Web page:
Dictionary of National Biography, 1885-1900/Aston, Thomas
ASTON, Sir THOMAS (1600–1645), royalist, was the heir of an ancient Cheshire family which had been settled at Aston in that county for many generations, and showed undoubted descent from the time of Henry II. Several of these early Astons were knighted, and one of them was treasurer to Philippa, the wife of Edward III, and joined in the wars in Spain. Thomas Aston was born on 29 Sept. 1600. His father, John Aston, who had been sewer to the wife of James I, died in 1615, and presumably his children remained under the care of his widow. Thomas was educated at Brasenose College, Oxford. He was made a baronet by Charles I in July 1628, and served as high sheriff of Cheshire in 1635. In this year died his first wife, Magdalene, daughter of Sir John Poulteney, but their four children all died young. She lies buried in the family chapel at Aston Hall, with an epitaph which may have been the work of her husband, and is certainly characteristic of the period. In 1639 Sir Thomas took as his second wife Anne, the heiress of Sir Henry Willoughby, and his only son was named Willoughby.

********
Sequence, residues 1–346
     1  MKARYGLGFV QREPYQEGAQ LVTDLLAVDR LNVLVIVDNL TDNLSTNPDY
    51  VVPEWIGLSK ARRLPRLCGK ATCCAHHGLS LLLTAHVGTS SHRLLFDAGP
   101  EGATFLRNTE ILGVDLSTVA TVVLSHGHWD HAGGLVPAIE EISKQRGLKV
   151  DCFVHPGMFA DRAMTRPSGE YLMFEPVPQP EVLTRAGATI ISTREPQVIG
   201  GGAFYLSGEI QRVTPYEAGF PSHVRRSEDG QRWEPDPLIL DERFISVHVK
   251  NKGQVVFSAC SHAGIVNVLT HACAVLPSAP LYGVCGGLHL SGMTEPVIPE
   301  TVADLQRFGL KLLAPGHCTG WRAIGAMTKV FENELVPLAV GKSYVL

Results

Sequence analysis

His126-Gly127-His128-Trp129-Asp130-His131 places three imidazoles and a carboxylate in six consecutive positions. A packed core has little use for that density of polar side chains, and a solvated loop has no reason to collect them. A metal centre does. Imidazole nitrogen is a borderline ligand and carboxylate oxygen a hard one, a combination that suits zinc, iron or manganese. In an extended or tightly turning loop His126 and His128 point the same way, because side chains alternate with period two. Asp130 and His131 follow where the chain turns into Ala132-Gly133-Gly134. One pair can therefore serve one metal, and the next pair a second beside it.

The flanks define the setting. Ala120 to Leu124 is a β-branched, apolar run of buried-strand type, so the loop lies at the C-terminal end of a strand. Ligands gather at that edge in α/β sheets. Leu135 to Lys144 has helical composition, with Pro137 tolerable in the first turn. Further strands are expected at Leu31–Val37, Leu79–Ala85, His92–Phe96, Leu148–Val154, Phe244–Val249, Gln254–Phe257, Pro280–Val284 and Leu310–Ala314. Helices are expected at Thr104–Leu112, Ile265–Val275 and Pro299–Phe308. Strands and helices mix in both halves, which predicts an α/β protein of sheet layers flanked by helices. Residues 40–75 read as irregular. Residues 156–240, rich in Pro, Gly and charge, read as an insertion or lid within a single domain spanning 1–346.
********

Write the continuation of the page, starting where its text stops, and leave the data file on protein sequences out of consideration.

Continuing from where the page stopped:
Sir Thomas was a staunch churchman and loyally attached to the monarchy, and in the civil and ecclesiastical troubles he took his part. The portentous rise of nonconformist sentiment excited alike fear and anger. When what was known as the Cheshire petition against episcopacy was in circulation, Sir Thomas and his friends set about the preparation of a counter-petition or remonstrance. Sir Thomas was attacked as the framer of the document in an 'answer' which he denounces as the work of 'some brain-sick anabaptist,' and this appears to have provoked him to the hasty compilation of a quarto which is sufficiently described on its title- page: 'A Remonstrance against Presbytery, exhibited by divers of the nobilitie, gentrie, ministers, and inhabitants of the County Palatine of Chester, with the motives of that Remonstrance, together with a short survey of the Presbyterian discipline, showing the inconveniences of it, and the inconsistency thereof with the constitution of this state, being in its principles destructive to the laws and liberties of the people. With a briefe review of the institution, succession, jurisdiction of the ancient and venerable order of bishops found to be instituted by the Apostles, continued ever since, grounded on the lawes of God and most agreeable to the law of the land. By Sir Thomas Aston, Baronet. . . . Printed for John Aston, 1641' (B.M.), 4to. Sir Thomas includes in his book the petition to which it is an answer, and also 'certain positions' maintained by Samuel Eaton in his sermons at Chester and Knutsford. Eaton had been resident in New England, and had brought thence a keen appreciation of the congregational form of church government. Aston also made 'A Collection of Sundry Petitions presented to the King's most excellent Majesty, as also to the two Houses now assembled in Parliament. And others already signed by most of the gentry, ministers, and freeholders of several counties,' 1642 (Bodleian). When the war broke out between the king and parliament. Sir Thomas took part with the royalists, and was in command at Middlewich in March 1642-3, when he was defeated by Sir William Brereton. The royalists lost their two cannons and five hundred stand of arms. Few were slain, but the prisoners included many of the principal cavaliers engaged, and the town suffered at the hands of the roundheads, who made free with the property of burgesses and the plate of the church. Sir Thomas escaped, but when a few days later he returned to Chester he was placed under arrest at Pulford, where he wrote a defence of his conduct which furnishes a very minute account of the affair and is an interesting picture of the civil war. Sir Thomas apparently freed himself from censure and rejoined the king's army, and indeed is said to have suffered a second defeat from Brereton at Macclesfield in 1643. He was afterwards captured in a skirmish in Staffordshire. When in prison at Stafford he endeavoured to escape, but the attempted evasion was discovered by a soldier who struck him on the head. This and other wounds received in the war brought on a fever, of which he died at Stafford on 24 March 1645. He was buried at Aston chapel, and is fairly entitled, as Wood says, 'to the character of a stout and learned man.'[Ormerod's History of Cheshire, ed. Helsby, 1882, ii. 82-3; Earwaker's East Cheshire, 1880, i. 470, ii. 657; Wood's Athenæ Oxonienses; Axon's Cheshire Gleanings.]